HDFS And YARN Explained!

by | Feb 2, 2018 | Big Data, Data Analytics

6 Min Read. |

Data is surely going to stay with us till the next big bang happens, and not only staying but growing exponentially. Storing and processing that data to help grow humanity is really crucial and important. Hadoop provides a solution to our questions about the enormous amount of data by its ability to store and analyze huge amounts of any kind of data, quickly!, it’s computing power, fault tolerance and of course low cost!

Source: SAS

Why was HDFS (Hadoop Distributed File System) needed?

There is a simple way to look at it. Even after the storage capacity of hard drives has elevated abundantly over the years, access speeds – the rate at which data can be read from the drives – remains the same as earlier.

For example, in the 90s, a particular drive could store 1,370 MB of data and had a transfer rate of 4.4MB/s. So, one could read all the data from that drive in around five minutes. In the 2010s, one typical drive could store 1 TB of data, and the transfer rate is around 100 MB/s. So, it takes two and a half hours to read all the data on the drive. It is considered a long time to read/write from the disk.

Now here is the problem- access rate of data. There is an easy way to solve this. Reduce the time by reading the data simultaneously from multiple disks. Let’s say, for a total of 100TB of data, you have 100 drives, each holding 1TB of data. Working in parallel, it will reduce the time to read and write data remarkably.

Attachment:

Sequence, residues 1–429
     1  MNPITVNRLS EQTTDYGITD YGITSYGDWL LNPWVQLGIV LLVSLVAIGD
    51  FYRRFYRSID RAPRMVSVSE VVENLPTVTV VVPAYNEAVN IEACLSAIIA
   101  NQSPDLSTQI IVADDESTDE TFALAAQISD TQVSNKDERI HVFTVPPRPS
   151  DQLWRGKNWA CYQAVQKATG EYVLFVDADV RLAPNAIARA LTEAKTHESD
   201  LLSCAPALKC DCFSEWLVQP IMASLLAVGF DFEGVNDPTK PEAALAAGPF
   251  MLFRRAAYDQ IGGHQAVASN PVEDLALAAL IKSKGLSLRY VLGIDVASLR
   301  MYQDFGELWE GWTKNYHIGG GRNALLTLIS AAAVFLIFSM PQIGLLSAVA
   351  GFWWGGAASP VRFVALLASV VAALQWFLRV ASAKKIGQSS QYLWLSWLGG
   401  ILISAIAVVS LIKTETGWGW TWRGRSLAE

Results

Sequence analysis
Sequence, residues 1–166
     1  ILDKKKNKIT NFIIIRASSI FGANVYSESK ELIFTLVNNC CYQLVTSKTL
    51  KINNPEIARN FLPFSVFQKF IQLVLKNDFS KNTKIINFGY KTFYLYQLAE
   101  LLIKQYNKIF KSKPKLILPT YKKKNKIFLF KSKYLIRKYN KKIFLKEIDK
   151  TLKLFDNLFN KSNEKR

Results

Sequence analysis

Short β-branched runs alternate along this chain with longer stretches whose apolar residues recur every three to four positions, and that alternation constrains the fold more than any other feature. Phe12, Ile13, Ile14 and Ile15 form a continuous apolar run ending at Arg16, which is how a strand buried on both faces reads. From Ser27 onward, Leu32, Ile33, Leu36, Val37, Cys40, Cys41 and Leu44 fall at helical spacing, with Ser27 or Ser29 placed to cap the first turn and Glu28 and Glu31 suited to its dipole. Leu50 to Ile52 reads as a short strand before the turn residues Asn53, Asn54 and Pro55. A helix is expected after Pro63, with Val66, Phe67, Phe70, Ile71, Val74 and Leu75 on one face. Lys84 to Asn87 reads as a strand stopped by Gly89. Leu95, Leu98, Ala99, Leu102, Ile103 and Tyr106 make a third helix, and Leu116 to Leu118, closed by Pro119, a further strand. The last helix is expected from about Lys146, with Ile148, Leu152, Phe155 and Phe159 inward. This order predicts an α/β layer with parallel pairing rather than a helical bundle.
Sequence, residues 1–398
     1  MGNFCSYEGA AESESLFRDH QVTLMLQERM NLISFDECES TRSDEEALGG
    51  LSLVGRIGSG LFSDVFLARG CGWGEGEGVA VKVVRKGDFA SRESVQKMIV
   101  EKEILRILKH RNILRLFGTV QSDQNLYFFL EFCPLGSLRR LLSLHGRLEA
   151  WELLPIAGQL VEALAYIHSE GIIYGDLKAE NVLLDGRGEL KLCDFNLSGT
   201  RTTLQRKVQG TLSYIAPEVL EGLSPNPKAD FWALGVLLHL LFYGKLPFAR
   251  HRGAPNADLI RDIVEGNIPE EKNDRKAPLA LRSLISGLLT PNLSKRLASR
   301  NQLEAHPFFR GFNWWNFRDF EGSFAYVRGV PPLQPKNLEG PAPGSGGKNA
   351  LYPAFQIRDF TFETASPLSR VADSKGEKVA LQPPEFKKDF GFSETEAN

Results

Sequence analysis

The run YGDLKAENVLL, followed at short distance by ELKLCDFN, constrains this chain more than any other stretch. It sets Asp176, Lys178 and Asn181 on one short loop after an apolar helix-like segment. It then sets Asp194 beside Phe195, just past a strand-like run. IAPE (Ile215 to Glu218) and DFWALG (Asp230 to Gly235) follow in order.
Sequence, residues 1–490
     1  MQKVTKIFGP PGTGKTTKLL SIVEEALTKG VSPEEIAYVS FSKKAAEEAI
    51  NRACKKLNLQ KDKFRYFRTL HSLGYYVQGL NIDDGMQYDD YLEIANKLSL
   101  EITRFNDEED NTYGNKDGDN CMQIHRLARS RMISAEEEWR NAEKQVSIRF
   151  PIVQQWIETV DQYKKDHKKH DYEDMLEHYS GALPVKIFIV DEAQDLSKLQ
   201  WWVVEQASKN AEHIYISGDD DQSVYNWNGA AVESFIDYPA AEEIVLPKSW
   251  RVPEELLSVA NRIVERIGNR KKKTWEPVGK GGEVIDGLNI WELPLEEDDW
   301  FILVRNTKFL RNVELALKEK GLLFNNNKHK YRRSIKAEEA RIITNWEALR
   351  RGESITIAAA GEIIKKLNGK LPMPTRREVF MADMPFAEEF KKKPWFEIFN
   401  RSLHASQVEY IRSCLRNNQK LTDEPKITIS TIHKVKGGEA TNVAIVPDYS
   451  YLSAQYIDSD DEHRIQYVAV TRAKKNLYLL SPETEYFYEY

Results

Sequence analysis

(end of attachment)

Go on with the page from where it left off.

There are mainly two issues which Hadoop overcomes with one technique or another.

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HDFS Explained

The first problem is- Hardware failure rates are high (as data is being stored in the only single device, the chance that hardware of the device will fail is fairly high). A common way to avoid loss of data is to take a backup of data in the system. So that in the event of failure, there is another copy of data available. This is how RAID works, but HDFS (Hadoop distributed file system) takes a slightly different approach.

Hadoop traditionally comes with a distributed file system called HDFS. Hadoop by default stores 3 copies of each data block in the cluster on different nodes of the cluster. Any time a node or machine fails containing a certain block of data, another copy is created on another node in the cluster thus making the system fail-proof.

 “HDFS is a filesystem designed for storing very large files with streaming data access patterns, running on clusters of commodity hardware.”

Let us understand the definition by breaking it into parts,

“Very large” in this definition means files that are hundreds of gigabytes or terabytes in size. Currently at Yahoo!, there are Hadoop clusters running which stores petabytes of data.

“Streaming data access.”

HDFS follows a write-once and read-many-times pattern. A single dataset is generated or copied from the source, and then the various analysis is performed on the dataset. Each analysis will involve a large proportion of the dataset. So, the time to read the whole dataset is important than in reading the first record.

“Commodity hardware.”

Hadoop doesn’t require expensive hardware. It is designed to run on clusters of commodity hardware (Affordable and Easy to obtain). HDFS is designed to handle such node failures.

Source- apache.org

Map-Reduce Programming Model